Lockdown rolls on, and so does my GAD-focussed podcast, which this time around sees me picking the brains of John Norris who blogs at Pretty Sinister Books and is surely one of the most widely-read members of our GAD coterie.
This episode sees us discussing the utilisation of magic in crime fiction, from its slightly disappointing pulpish roots up to the full dress detection of the Golden Age. We look at how magic and misdirection are essentially two halves of the same coin, examine the works of a few luminaries, and then veer into mummery, psychics, and other aspects of the dark arts, and after that it’s all something of a blur. I guess you’ll just have to listen below to find out more — or, if the player is, er, playing up for you, try clicking here to open it in your browser.
One thing’s for certain: John has some authors you’ve doubtless not heard of up his sleeve, so watch very closely…
My thanks to John for giving up his time to talk, and to all y’all for listening. Hope this finds you and your families well.
I’ve been reminded that I didn’t provide a link to my post on seances in fiction which is mentioned in the above discussion; you can find it here.
21 thoughts on “In GAD We Trust – Episode 4: Magic, Mummery, and Misdirection [w’ John @ Pretty Sinister Books]”
Thanks, JJ, for bringing John to the airwaves! It’s always gratifying to hear the voice of someone you’ve read for so long and to get such a strong sense of both their knowledge and enthusiasm.
It doesn’t take much prodding to get me to boast that my family is related to Harry Houdini. I watched the movie starring Tony Curtis over and over and was more interested in his passion for the occult. My brother was the one who embraced his “inner magician,” and for several years he would make a little money entertaining kids at birthday parties. There was a popular magic store that we would visit often, and while I spent my allowance on things like Garlic Gum, he would consult quite seriously with the shop owner about sleight of hand techniques and playing with multiplying balls. (Oh, and my mom went to high school with Bill Bixby, and it threw me that she called him Bill!)
The part of this podcast that made me really sit up and take notice was when JJ was describing the book The Hand of Mary Constable. It sounded so familiar, and I remembered an ABC Movie of the Week from the late 1960’s called Daughter of the Mind with Ray Milland and Gene Tierney. None of those TV movies hold up particularly well, but this one was great fun, the wax hand and everything, and little Mary calling out, “Daddy! Daddy! Why won’t you find me? Don’t you love me anymore?” I loved that stuff!
I did mention that movie but it got cut out in the editing. Well, actually said “It was a 1970s TV movie with Ray Milland”. Not the exact title which, of course, came to me much later. But it was all about movies so out it went. I was surprised the TV show discussion stayed in. JJ did a phenomenal job. of paring this long discussion that jumped all over the place into a neatly compact show that stays pretty much on GAD detective fiction. Admirable job! Plus — most of my truly awful fumbling and stuttering is gone so I’m very happy about that too.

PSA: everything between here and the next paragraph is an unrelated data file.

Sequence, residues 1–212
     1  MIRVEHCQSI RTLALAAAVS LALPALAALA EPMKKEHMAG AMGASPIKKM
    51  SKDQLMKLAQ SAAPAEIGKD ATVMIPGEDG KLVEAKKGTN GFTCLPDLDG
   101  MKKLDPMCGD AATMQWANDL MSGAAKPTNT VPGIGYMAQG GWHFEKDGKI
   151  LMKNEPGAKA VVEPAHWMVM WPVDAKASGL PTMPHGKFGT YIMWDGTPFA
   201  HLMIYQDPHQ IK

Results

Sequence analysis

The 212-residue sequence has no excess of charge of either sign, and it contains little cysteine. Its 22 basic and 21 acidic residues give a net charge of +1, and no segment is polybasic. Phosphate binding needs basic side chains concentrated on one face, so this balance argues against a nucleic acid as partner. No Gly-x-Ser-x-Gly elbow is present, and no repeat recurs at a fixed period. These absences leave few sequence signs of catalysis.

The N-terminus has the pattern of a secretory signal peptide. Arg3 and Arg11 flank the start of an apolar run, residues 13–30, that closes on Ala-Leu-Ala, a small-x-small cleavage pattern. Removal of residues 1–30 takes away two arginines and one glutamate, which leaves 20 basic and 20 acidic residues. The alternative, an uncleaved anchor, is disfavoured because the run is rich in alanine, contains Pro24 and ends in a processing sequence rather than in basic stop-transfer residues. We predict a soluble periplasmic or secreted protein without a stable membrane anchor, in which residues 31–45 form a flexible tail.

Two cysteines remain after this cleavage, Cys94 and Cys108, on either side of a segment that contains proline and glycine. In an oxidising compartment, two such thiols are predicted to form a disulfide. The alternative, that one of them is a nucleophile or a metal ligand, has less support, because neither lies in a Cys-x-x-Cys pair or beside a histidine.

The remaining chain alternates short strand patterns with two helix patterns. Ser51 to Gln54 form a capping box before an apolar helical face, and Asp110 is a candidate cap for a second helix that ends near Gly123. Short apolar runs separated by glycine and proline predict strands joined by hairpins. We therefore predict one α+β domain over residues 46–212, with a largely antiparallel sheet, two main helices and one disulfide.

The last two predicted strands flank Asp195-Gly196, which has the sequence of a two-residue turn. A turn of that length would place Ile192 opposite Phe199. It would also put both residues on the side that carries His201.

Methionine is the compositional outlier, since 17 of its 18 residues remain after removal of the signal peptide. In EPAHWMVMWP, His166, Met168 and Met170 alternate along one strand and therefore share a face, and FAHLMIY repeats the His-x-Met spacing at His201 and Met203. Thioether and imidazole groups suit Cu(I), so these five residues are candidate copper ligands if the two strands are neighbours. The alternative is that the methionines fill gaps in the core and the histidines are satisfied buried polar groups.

LikeLiked by 1 person
As a kid, I was a big Pamelyn Ferdin fan. She played Mary, and she was also in one of the creepiest Star Trek episodes, the one with Mel Belli as Gorgon, the Friendly Angel. I think she was one of the kids in Yours, Mine and Ours, too.
The chief difficulty in editing this was ensuring that I said something from time to time — John provided more than enough material for a Norris Monologue, but my ego demanded that my own interruptions feature from time to time.
Weirdly, I thought I’d left the mention of the movie in, but the editing took me longer than I had allowed and so I haven’t had time to listen back to the full episode yet. Hopefully it all makes sense…
Awesome – great to hear you both again especially on such a great topic! Carr, Talbot, Rawson, Lord Darcy etc. Hurrah (or hey presto)!
Oh, man, I had totally meant to mention Lord Darcy and it completely slipped my mind 🙂 Dammit!
You guys were great. And I really wish I had a copy of the Porlock/Macdonald book!
We can save him for the next podcast when we discuss alternate universes and historical mystery elements in GAD mysteries. But you will have to read The Longbow Murder (1941) by Victor Luhrs before we tackle Lord Darcy in his weird world where magic displaces science. I have an extra copy that I am willing to ship to you. This is an assignment the professor will not allow to be overlooked. ;^)
Thanks for the compliments, Sergio! We all miss you!
Perfect! Sounds like a great idea; let’s discuss via email.
I had a high hopes for this episode and I am glad to say I wasn’t disappointed! Lots of books I haven’t read or even heard of. I expect no less from John.
Is it just me or is anyone else slightly concerned for neighbour who was part of John’s magic tricks. He seemed to move swiftly off the topic once the barbeque skewers were mentioned…
Oh and I’m glad I’m not the only one who ended up spelling out names to JJ!